Lice Eggs on Black Hair

Lice have a hard time sticking to curly hair. Because of this, black people and other people with this type of hair may be less likely to get head lice.

Lice are tiny bugs that live in people’s hair. They aren’t dangerous to your health, but they can make you itch and make you have trouble sleeping. Head lice are also contagious and can spread quickly between people who live or go to school together.

Some people are less likely to get head lice than others people. This article talks about how head lice affect people with curly hair who are African Americans.

Do African Americans get head lice?

Lice can still live on the heads of African Americans. But according to the Centers for Disease Control and Prevention (CDC), African Americans get head lice much less often than other people. This may be because most head lice in the United States have claws that make it easier for them to hold onto uncoiling hair.

The number of African Americans who have it

A 2018 article in the British Journal of Family Medicine says that African Americans are less likely than other people to get head lice. Researchers think this is because of how most head lice’s claws are shaped and how wide and round the hair shaft is in coiled hair.

In oily hair, the hair shaft has an oval cross-section, but in most other hair types, the hair shaft is round. Lice find it easier to hold on to hair shafts that are round.

The researchers also say that using hair oils could also be a factor. For example, petroleum jelly makes hair smoother and less brittle, which makes it harder for head lice to stick to. Research has shown that African American women are more likely than other women to use more hair products and to start using them at a younger age.

People of Caucasian, Hispanic, and Asian American descent seem to get head lice more often than people of African American descent. For instance, less than 0.5 percent of African American schoolchildren get head lice, while about 10 percent of schoolchildren of other races do.

According to reliable research from 2012, some head lice have learned to live in curly hair. Head lice were found in Senegal, Burundi, Rwanda, and Ethiopia, which are all in Africa.

Curly hair can be a sign of head lice.

Head lice can be seen and felt in the following ways:

  • There are black or grey insects that are about 2–3 millimeters long (mm).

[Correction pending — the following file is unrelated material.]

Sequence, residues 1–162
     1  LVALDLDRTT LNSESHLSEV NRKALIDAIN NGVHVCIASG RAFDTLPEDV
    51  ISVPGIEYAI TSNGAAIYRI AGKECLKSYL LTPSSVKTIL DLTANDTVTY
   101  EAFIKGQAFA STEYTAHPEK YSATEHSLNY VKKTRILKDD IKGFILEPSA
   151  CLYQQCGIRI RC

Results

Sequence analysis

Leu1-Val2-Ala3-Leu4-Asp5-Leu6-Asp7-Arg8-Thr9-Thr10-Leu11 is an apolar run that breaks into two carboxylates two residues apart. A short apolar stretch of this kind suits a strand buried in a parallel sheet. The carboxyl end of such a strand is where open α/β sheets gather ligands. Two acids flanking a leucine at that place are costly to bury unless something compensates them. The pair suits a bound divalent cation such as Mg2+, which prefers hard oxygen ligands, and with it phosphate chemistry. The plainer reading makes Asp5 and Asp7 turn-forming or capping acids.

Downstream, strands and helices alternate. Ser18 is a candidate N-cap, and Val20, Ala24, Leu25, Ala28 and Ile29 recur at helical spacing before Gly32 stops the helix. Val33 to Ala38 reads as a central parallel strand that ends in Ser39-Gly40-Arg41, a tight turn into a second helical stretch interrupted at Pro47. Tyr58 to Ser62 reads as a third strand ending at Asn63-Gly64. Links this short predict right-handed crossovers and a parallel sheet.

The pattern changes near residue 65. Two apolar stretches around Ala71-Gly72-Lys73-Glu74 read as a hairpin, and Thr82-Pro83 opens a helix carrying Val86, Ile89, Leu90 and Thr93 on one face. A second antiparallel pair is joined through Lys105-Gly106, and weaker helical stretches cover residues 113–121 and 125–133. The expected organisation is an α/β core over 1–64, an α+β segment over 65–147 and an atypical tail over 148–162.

• Trusted Source: long with six clawed legs; an itchy or tickling feeling in the hair; feeling or seeing movement in the hair, like crawling but not hopping or flying; trouble sleeping because head lice are most active at night; sores on the head from scratching, which could lead to an infection.

People can also look for signs that there are eggs on the head. On dark hair, the empty egg shells may be easier to spot than the lice, which are usually white. Usually, the eggs are within 4 mm of the scalp and are about 0.8 mm by 0.3 mm.

How to Determine If You Have Lice

Lice can be looked for in the following places:

  • the neckline at the back of the head and the scalp and crown of the head around and behind the ears

How to Get Rid of Lice If You Have Curly Hair

No matter what kind of hair you have, the steps to get rid of head lice are mostly the same.

Before treatment, people with hair extensions, wigs, or hairpieces will need to take them off. Then, they can find a place with good lighting and get rid of head lice by:

  • wetting the hair and dividing it into sections, then applying a lice treatment or home remedy, such as coconut oil.
  • Moving a louse comb through the hair in sections to get rid of head lice and their eggs Trusted Source
    rinsing out any extra product from the hair with a shower head or running tap, checking for head lice on everyone else in the house to stop it from spreading,

After 8–12 hours, the hair should be checked again, and it shouldn’t be washed again for at least 2 days. It is important to keep going through the hair with the comb once a day to get rid of any dead lice.

If home remedies don’t work, people may need to see a doctor or nurse.

The American Academy of Dermatology Association recommends the following hair care tips for African Americans:

  • Once a week or every other week, use conditioner when you wash your hair. Twice a month, use a hot oil treatment to coat the ends of your hair and use a heat-protecting product on wet hair before styling it.
  • Using a ceramic or iron comb to press hair will help make sure that braids, cornrows, and weaves are not too tight.


Head lice are less common in African Americans than in other people. This is probably because head lice have a hard time getting a hold of curly hair. African Americans can still get head lice, though, so they should keep looking for the problem.

Head lice can happen to anyone, no matter what kind of hair they have. Head lice can spread from one person to another, so it’s important to check everyone in the house. If treatments for head lice don’t work, a person should talk to a doctor.


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